The Homeschooling Starter Guide: How to Create and Adapt the Best Education Action Plan for Your Needs
“As an academic and homeschooling insider, Dr. Gina Riley offers essential, worthwhile, and practical resources, tips, and indispensable information about homeschooling. Among the useful information Dr. Riley provides are different approaches to teaching, learning, and all aspects of homeschooling. She shares how to plan in the long-term and short-term, how to assess whether what you are doing is working, and so much more. I highly recommend this book to anyone interested in, considering, or currently homeschooling.” ―Carlo Ricci, PhD, founding editor of The Journal of Unschooling and Alternative Learning
“Dr. Gina Riley does not tell you how to homeschool. She does something much better. She provides a comprehensive and very clear menu of possibilities so you can choose what will work best for you and your child or children.” ―Peter Gray, research professor at Boston College and author of Free to Learn: Why Releasing the Instinct to Play Will Make Our Children Happier, More Self-Reliant, and Better Students for Life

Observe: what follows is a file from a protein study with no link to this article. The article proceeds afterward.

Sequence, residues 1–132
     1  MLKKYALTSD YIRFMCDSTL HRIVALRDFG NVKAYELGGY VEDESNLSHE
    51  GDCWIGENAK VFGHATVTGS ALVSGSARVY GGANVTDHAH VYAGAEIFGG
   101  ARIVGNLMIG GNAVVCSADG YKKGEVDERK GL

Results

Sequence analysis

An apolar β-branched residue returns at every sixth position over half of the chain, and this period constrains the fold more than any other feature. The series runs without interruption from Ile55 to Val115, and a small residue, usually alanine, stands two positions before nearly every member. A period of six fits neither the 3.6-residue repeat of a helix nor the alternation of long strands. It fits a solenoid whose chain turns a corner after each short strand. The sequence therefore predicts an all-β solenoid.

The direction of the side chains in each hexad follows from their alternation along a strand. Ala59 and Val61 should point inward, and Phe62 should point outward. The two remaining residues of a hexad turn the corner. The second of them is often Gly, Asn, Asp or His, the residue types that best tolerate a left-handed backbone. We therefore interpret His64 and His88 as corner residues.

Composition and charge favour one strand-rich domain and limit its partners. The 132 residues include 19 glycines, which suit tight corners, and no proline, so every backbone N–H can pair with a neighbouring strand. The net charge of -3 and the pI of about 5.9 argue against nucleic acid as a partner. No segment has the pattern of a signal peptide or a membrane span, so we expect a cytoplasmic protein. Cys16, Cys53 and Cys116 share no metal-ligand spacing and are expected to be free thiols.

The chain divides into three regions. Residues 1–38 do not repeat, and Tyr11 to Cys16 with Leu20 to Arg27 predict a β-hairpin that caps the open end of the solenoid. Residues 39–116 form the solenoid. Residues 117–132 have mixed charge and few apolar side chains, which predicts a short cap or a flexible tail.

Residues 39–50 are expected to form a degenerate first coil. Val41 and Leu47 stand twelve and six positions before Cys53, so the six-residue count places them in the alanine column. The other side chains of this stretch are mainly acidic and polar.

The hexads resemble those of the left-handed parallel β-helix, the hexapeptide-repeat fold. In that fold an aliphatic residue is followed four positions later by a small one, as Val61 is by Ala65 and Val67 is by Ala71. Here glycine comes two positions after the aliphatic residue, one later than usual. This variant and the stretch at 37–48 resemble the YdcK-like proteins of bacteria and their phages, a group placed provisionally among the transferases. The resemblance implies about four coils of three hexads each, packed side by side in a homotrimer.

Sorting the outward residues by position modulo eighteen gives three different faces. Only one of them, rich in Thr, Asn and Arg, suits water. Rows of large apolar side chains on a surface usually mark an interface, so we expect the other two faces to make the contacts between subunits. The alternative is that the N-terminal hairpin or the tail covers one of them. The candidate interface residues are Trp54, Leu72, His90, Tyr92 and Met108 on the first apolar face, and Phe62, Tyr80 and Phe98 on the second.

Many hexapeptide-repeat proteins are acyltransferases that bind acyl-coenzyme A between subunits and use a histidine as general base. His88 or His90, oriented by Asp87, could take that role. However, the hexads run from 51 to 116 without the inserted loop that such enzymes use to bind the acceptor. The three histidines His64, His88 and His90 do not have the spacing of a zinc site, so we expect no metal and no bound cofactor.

“After leaving the school system that marks out every path and box to check for students and parents, taking the responsibility of education into our own hands can be daunting. Gina Riley’s book is a wonderful companion for any parent beginning the journey. Gina is not only a clinical professor and program leader of adolescent special education, she also homeschooled her son to adulthood. Gina’s book is a straightforward guide that addresses the major homeschool questions. It is factual, to the point, and written with kindness and personal experience. I would recommend it to any parent looking to homeschool.” ―Robyn Robertson, creator and host of Honey! I’m Homeschooling The Kids
Homeschooling can help kids of all ages immerse themselves in learning that builds on their unique strengths, interests, and preferences. It gives them the chance to thrive with one-on-one attention and customized lesson plans that fit their learning style―and their family’s needs. This starter guide to homeschooling is the ultimate resource for turning any home into an ideal school environment and helping any child succeed.